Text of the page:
It’s 7 a.m. and the stage is set—equipment placed, warm up and stretching exercises scheduled and hydration plan posted. Soon, elite athletes from around the world will arrive on the field for an Indy Eleven practice.
As the head athletic trainer for the Indy Eleven, Brian Gerlach of Community Sports Medicine not only has everything prepared for a great practice, he also has an injury prevention strategy for the team.
Brian helps athletes stay at the top of their game. So we asked him, What can amateur athletes learn from the pros?
Have a hydration plan
Water is an important part of every workout. Sports drinks, such as Gatorade are also an option, but, “Unless you’re exercising for more than two hours a day, you probably don’t need the sugar that’s in most sports drinks,” Brian explains. Water is the way to go.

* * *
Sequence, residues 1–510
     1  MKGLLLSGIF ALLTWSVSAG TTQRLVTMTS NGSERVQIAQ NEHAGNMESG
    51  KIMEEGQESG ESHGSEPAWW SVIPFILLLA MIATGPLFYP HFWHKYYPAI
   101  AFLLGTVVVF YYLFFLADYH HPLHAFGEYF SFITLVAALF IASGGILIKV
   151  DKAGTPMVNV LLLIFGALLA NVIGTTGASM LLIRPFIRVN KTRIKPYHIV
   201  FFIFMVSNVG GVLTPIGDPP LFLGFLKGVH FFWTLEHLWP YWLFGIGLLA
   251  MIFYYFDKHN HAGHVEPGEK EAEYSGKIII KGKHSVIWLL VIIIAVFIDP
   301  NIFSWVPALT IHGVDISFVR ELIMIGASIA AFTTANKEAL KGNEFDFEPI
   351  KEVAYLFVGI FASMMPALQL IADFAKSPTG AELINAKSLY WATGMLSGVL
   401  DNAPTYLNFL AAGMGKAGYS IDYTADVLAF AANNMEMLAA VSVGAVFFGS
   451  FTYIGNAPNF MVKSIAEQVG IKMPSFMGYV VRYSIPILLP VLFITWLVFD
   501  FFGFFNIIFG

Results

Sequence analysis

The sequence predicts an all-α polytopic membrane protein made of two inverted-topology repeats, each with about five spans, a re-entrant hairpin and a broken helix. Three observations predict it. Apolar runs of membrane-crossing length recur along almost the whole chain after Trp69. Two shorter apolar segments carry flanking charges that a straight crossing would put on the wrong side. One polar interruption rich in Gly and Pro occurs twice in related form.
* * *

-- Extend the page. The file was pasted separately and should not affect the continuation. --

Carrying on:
Bring a water bottle with you on your run or to the gym, and make sure that you take water breaks.
If you want to replace electrolytes, salt can help. “Add a little salt to your diet to get the electrolytes you need,” advises Brian. They will help your body absorb water.
Don’t skip the warm up
Jumping into a workout can strain your muscles and lead to injury. “At age thirty, the risk for muscle strains goes through the roof,” Brian explains. “A proper warm-up becomes even more important.”
Start any workout with several minutes on a bike or a brisk walk. Ease into your activity. Then, start stretching.
Do active stretches
Stretching also prevents injury. Be sure to stretch all the muscles you are going to use in your workout.
Brian recommends active stretches—holding your pose for 3-5 seconds. This will engage your muscles and prepare your body for your workout.